Writing Career Mindset

6 Jan

If you’ve followed me even for 5 mins, you know how I feel about the whole Writing Career thing. I’ve spent years coaching and doing succession planning as and HR Partner, and that mindset roles into this life very easily.

So many people say they want to have a writing career, but don’t treat it that way. Let’s talk a little bit about what a career — any career, not just a job — should look like.



A career should goals and reviews. Yes goals and reviews. If you don’t know where you want to go and you don’t check if you’re getting there or not, how do you judge progress? A career moves forward, brings you challenges and rewards. “I want to write a book” or “I want to publish a book” are nice wishes. Now put some framework around them to make them goals: What kind of book, by when, how many books, who do you want to publsih with, do you want to write for income, what would that take? etc.

Just like everything else you think about when planning where you want your current career to take you, you need to do that for your writing as well.

What if you’ve never had a “career” outside the home. There’s a lot of people who have been stay at home caretakers who have built amazing skills that translate well. I mean, seriously, have you ever met anyone as organized as a stay-at-home wife and mom? Seriously, she could dispatch just about anything with ease.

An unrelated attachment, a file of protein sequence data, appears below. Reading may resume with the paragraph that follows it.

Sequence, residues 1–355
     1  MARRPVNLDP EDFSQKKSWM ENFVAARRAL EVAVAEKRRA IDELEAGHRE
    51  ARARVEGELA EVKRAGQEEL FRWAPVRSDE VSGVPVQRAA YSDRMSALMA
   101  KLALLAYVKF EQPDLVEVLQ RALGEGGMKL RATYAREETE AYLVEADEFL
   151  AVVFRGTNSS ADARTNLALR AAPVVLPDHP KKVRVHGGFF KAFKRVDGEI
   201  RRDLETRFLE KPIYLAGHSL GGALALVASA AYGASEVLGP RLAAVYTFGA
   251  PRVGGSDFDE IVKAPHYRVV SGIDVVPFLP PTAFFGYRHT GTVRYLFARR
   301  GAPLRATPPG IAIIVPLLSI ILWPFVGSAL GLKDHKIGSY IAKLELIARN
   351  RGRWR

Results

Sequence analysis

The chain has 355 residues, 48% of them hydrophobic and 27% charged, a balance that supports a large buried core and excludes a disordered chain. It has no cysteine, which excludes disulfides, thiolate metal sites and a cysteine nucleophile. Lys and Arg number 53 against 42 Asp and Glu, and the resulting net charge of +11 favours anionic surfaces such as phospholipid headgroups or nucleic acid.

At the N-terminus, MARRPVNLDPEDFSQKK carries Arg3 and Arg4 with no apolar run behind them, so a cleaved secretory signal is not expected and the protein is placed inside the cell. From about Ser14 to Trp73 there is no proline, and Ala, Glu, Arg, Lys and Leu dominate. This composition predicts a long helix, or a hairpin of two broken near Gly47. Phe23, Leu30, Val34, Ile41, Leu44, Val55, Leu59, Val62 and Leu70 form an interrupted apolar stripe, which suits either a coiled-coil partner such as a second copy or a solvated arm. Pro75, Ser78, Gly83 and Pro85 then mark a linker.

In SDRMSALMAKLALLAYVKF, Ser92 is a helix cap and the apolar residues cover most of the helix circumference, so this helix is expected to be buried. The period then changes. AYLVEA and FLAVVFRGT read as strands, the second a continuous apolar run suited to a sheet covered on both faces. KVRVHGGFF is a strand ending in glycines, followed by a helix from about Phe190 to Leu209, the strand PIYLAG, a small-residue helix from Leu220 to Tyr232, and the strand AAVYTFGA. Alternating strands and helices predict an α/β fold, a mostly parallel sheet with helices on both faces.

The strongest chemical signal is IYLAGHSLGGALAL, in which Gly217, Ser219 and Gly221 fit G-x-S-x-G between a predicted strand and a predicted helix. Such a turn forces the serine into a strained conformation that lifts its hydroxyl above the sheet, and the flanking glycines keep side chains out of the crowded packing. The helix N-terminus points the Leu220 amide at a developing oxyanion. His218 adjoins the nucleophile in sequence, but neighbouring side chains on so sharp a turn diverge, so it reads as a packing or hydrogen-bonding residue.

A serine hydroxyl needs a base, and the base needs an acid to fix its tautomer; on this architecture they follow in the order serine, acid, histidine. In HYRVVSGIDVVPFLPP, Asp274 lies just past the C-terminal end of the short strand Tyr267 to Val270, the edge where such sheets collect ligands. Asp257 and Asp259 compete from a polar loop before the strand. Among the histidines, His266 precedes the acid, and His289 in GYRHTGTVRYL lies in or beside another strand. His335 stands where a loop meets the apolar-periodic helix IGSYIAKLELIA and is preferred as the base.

I’ll be honest, I have (ok, once, I’m not typically a PJs person) showered and put fresh PJs on to write. It’s one of the joys of working in your house. But, that needs to change when you’re out networking. Take a look at some of your favorite authors. How do they dress at events? How does their genre/audience effect their image?  Some wear suits. Some wear trendy clothing. Some have created their own t-shirts that advertise their books. Some dress more like the characters….But ALL of them have an image that does not say “I write in my PJs or sweats all day.” Define your professional look and make sure you pack it for conferences and meetings.



I am a writer. Say it. No really, say it out loud. Now, go say it TO someone. You are a writer.

Now, go BE a writer. Not just a hobby writer. A Writer. This doesn’t mean you have to write 40 hours a week. It doesn’t even mean you have to write a book in a certain amount of time. It does mean that you’re investing in your self as a writer. If you can make the time or money, you’re getting to workshops and/or conferences. It means that you create the time to write and then use that time to write. It means that you sit at your laptop and tell yourself: It’s time to work. I’m building a career as a successful writer.



Otherwise known as Public Professionalism. Conference of all types are places people cut loose…but how loose is okay. I know where that line is for me, and everyone needs to define that line myself. Remember, you’re there to make a positive work impression on potential agents, editors, co-writers, critique partners, workshop partners, readers, etc.